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Machu Picchu

Machu Picchu is the most visited tourist attraction in Peru. It is
70 kms northwest of Cusco.
Machu Picchu was constructed around 1450, at the height of the
Inca empire, and was abandoned less than 100 years later, as the
empire collapsed under Spanish conquest.
The presence of numerous temples and ritual structures indicate
that Machu Picchu held spiritual significance for the Inca.
Over the centuries, the surrounding jungle grew
to enshroud the site, and few knew of its existence.
It wasn’t until 1911 that american historian and explorer Hiram
Bingham brought the “lost” city to the world’s attention.
Machu Picchu stands in the middle of a tropical mountain forest,
in an extraordinarily beautiful setting.
It was an amazing urban creation of Inca Empire at its height;
its giant walls, terraces and ramps seem as if
they have been cut naturally in the continuous rock
escarpments. The natural setting, on the eastern slopes of
the Andes, encompasses the upper Amazon basin
with its rich diversity of flora and fauna.
The space is composed of
140 constructions
including temples,
sanctuaries, parks and
residences, houses with
thatched roofs.
Machu Picchu is a UNESCO
World Heritage site.
It is Peru’s most visited
tourist attraction (400,000 in
2003) and major revenue
generator. A no-fly zone
exists in the area.
From the top, at the cliff of
Machu Picchu, is a vertical
precipice of 600 meters
ending at the foot of the
Urubamba River.
Machu Picchu is located
about 2,350 meters above sea level.
All visits to Machu Picchu at some point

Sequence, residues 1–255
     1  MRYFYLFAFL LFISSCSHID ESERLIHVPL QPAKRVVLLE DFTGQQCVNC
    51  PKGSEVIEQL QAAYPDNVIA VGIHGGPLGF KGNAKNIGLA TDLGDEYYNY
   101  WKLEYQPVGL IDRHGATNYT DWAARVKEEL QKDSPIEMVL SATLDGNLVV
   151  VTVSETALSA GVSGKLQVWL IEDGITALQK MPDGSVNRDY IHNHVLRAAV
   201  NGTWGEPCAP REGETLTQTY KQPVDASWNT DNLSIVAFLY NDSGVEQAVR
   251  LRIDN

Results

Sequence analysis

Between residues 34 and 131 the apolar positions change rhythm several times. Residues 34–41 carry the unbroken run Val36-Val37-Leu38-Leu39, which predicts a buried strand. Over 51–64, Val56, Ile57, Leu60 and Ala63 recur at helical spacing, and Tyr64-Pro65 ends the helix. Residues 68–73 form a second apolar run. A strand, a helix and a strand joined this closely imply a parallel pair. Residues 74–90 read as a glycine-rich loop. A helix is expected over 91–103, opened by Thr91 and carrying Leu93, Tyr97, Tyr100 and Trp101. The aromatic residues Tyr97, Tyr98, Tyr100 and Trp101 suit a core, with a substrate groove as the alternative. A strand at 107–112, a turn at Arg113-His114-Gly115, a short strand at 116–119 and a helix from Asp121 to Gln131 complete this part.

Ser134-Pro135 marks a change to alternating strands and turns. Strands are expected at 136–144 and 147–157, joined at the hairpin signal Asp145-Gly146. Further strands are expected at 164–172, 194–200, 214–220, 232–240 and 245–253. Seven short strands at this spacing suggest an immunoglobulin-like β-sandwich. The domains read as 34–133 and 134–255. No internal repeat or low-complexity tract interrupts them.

leave from Cusco, which can be reached via
a domestic flight from Lima, or international
flight from La Paz, in Bolivia.

Many tourists take morning train from Cusco (3.5 hours journey) explore
the ruins for a few hours and return to Cusco in the afternoon. From Puente
Ruinas station buses take tourists up the mountain to Machu Picchu.
Thousands of tourists hike the Inca Trail – each year,
a two to four day journey on foot
from the Urubamba valley up through the Andes mountain range.
They require travelers to be reasonably fit. The trip involves sleeping in tents.
Bingham and others
hypothesized that the citadel
was the traditional
birthplace of the Inca people
or the spiritual center of the
“virgins of the sun,” while
curators of a recent exhibit
have speculated that Machu
Picchu was a royal retreat.
All of the construction in Machu Picchu
uses the classic Inca architectural style
of polished dry-stone walls of regular
shape. The Incas were masters of this
technique, called ashlar, in which
blocks of stone are cut to fit together
tightly without mortar.
How they moved and placed enormous
blocks of stones is a mystery, although the
general belief is that they used hundreds of
men to push the stones up inclined planes.
There are more than
one hundred flights of stone steps
– often completely carved
in a single block of granite.
It is unknown if the Incas left
behind any documentation
about building process because
the writing they employed,
called khipus, has not been
translated.
Llamas roam
freely over the
entire site.
Llamas keep
the grass tidy
and are
capable of
reaching many
spots
inaccessible by
lawnmowers
or sheep.
In 1913, the site received
significant publicity after
the National Geographic Society
devoted their entire April issue
to Machu Picchu.
The only hotel is the Machu Picchu Sanctuary Lodge.
You pay US$715 (double), a hefty premium
because of the location, location, and location.
Guests of this hotel can enjoy
the magnificent isolation of the sanctuary.

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